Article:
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A beautiful plate of fluffy scrambled eggs is a wonderful way to start the day.
But a plate full of mushy curds sitting in water definitely isn't so appetizing.
Eggs are one of the most versatile and nutritious proteins out there, but they can be surprisingly easy to mess up if you don't know what you're doing. TODAY Food caught up with several chefs (let's call them "eggs-perts") to find out how to fix seven common egg-cooking mistakes.
1. You're overcooking the eggs.
Eggs are two colors: white and yellow. So they should never be cooked until they get dark brown or black (with the exception of crispy edges on a fried egg). "We say this all the time in the restaurants, because most Americans [tend to] overcook their eggs. You see it a lot in an over-stuffed omelet," chef Matt Ayala of Chicago's Cochon Volant Brasserie told TODAY. "For scrambled eggs, turn down the heat and stir consistently! I'd say a majority of people I know are always cooking their scrambled eggs on high heat. A big no-no."
2. You're beating the eggs up.
Don't overbeat — or over-scramble — once your eggs are in the pan. Chef Nick Korbee of Egg Shop in New York City told TODAY that methods like "scrambling eggs in the pan," and not in a separate bowl before they hit the heat, is basically a form of egg cruelty. "This leaves scrambled egg more than shell-shocked, and relegates their otherwise perfect 'eggnatomy' to a lifeless separated mass of mixed proteins and fat."
So how much is too much beating? Be gentle, Korbee advised. "I prefer to scramble eggs with a fork [not a whisk] until well combined, but not fluffy or otherwise aerated." If you're seeing a ton of bubbles in your pre-scrambled eggs, you've probably gone too far.
3. You're cooking eggs on a high heat.
Another common form of egg punishment is something called the "rubber factor," which is the sad result of turning the heat up too much when making eggs. Korbee said that no matter what method you're using, too much heat will cause yolks to become grey and whites will get too firm to be enjoyable. "Gentle heat is best for a very luxurious soft scramble," advised the chef. "This is totally in the hands of the cook, so if your pan is too hot, cook it down by working off the heat or be even more diplomatic and use a double boiler."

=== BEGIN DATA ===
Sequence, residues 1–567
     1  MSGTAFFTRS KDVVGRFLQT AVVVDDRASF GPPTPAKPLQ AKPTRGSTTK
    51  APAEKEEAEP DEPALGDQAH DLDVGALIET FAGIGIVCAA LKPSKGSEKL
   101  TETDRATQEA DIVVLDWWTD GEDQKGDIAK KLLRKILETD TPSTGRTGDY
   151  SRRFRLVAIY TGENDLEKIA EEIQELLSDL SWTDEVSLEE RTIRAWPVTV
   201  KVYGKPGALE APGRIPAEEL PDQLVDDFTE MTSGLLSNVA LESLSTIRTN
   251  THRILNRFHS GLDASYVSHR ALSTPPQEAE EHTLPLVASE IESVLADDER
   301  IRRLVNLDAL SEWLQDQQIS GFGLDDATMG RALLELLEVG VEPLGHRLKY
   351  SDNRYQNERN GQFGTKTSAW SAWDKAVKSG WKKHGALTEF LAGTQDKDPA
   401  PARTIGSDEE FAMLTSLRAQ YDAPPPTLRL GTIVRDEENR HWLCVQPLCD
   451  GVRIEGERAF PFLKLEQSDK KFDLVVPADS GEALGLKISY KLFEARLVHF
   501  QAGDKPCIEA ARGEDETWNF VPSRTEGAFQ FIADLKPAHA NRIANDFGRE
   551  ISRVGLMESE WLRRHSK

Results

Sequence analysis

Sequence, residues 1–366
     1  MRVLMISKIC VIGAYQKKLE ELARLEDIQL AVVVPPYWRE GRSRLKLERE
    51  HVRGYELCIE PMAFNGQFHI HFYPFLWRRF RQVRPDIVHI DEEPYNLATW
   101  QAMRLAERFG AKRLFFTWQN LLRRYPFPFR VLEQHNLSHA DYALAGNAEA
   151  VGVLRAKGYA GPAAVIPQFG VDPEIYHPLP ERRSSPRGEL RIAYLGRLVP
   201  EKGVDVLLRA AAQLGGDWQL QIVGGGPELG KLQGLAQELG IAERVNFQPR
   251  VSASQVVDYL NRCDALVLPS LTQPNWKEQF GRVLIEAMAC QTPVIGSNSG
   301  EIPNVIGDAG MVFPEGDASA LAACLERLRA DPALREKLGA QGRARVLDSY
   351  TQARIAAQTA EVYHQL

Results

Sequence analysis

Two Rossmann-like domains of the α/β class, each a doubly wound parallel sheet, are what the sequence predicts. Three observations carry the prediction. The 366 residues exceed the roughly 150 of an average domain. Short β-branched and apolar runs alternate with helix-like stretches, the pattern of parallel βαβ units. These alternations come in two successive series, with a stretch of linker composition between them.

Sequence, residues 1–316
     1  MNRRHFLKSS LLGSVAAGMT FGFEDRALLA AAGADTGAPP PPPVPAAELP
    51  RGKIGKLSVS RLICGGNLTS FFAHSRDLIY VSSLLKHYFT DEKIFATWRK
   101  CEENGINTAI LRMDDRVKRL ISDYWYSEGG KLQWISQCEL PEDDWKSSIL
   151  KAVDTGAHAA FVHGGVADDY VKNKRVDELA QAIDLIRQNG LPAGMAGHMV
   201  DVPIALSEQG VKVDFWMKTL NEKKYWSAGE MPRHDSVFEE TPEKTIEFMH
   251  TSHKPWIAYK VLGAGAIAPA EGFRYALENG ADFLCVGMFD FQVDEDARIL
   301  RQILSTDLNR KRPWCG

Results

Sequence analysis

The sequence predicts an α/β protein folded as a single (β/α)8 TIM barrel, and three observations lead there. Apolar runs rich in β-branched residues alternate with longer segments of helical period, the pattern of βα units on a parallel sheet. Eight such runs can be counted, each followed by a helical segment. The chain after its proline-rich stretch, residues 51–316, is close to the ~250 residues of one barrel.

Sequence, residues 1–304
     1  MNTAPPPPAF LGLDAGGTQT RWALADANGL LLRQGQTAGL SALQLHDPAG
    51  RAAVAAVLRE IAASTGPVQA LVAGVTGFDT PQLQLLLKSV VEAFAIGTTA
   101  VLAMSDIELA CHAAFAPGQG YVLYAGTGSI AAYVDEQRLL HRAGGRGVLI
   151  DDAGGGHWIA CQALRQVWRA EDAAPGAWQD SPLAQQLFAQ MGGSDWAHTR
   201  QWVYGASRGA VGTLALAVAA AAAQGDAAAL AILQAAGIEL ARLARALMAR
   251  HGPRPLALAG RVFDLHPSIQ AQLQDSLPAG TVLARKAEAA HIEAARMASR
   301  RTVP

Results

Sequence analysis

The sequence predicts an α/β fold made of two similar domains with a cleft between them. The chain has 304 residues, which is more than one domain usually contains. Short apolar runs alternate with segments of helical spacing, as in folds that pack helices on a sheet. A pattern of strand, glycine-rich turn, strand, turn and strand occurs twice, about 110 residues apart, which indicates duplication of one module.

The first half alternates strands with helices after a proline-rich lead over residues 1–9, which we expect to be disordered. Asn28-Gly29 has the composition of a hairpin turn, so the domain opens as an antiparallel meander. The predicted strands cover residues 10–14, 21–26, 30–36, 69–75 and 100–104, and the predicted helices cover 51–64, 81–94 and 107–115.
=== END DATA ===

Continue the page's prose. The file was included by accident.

4. You're adding eggs to a cold pan.
You don't want a pan that's too hot, but much like Goldilocks and her porridge, a pan that's too cold is also a problem. "Make sure your pan is heated before cooking your eggs," chef Fabio Viviani, a Bravo "Top Chef" alum who owns two restaurants, told TODAY. "If you want scrambled eggs, have your pan be a medium-hot temperature and continuously stir them until [they] thicken." If you're scrambling or frying eggs, add some butter or oil to the pan first. When the butter starts to bubble slightly or the oil sizzles, then you're good to go.
"For an omelet, it is the opposite. Let the eggs sit in the pan until you see bubbles ... then fold," said Viviani. Your pan heat should be at medium.
5. You're adding too many ingredients to the eggs.
"People tend to overcook their scrambled eggs until they are dry and hard so it's best to turn down the flame and add a little bit of liquid, like a tablespoon or two of water," chef David Burke told TODAY. When it comes to making scrambled eggs, the former "Top Chef Masters" contestant actually doesn't think adding milk is a good idea. "Using milk will make scrambled eggs turn brown as the sugar in the milk will cook." Sometimes Burke said he adds a little tomato soup for more flavor.
"When it comes to poaching an egg, home cooks often add too much vinegar and not enough salt," Burke said. "And when trying to get a crispy fried egg, you should use oil instead of butter, since butter has a bit of water in it and oil does not."
6. You're seasoning eggs at the wrong time.
Adding too many ingredients to eggs compromises their taste and texture. But the timing of said seasoning is also critical. "One tip to note for scrambling eggs is to make sure you don’t season the eggs before you start cooking them," said Brent Hudson, an executive chef at New York City's Hole in the Wall. "Adding salt in before the cooking process will break down the eggs and result in a watery scramble."
And if you're poaching eggs, when you add in the vinegar matters, too. "When attempting to poach eggs at home, don't forget to add a splash of vinegar to your simmering water. The vinegar prevents the egg whites from disappearing in your pot," said Hudson.
7. You're storing eggs in the wrong place.
As soon as you get home from the grocery store, be mindful about where you store those fresh eggs. The flavor of eggs can be easily affected by other foods in the fridge — and, unfortunately, those odors can't just be cooked off and a funky fragrance can't be masked with butter. Said Hudson, "Eggs can actually absorb odors via their shells from other foods. So if you’re not storing them in an egg carton, try to keep them away from strong-smelling foods, like seafood." Unless, of course, you enjoy fishy eggs!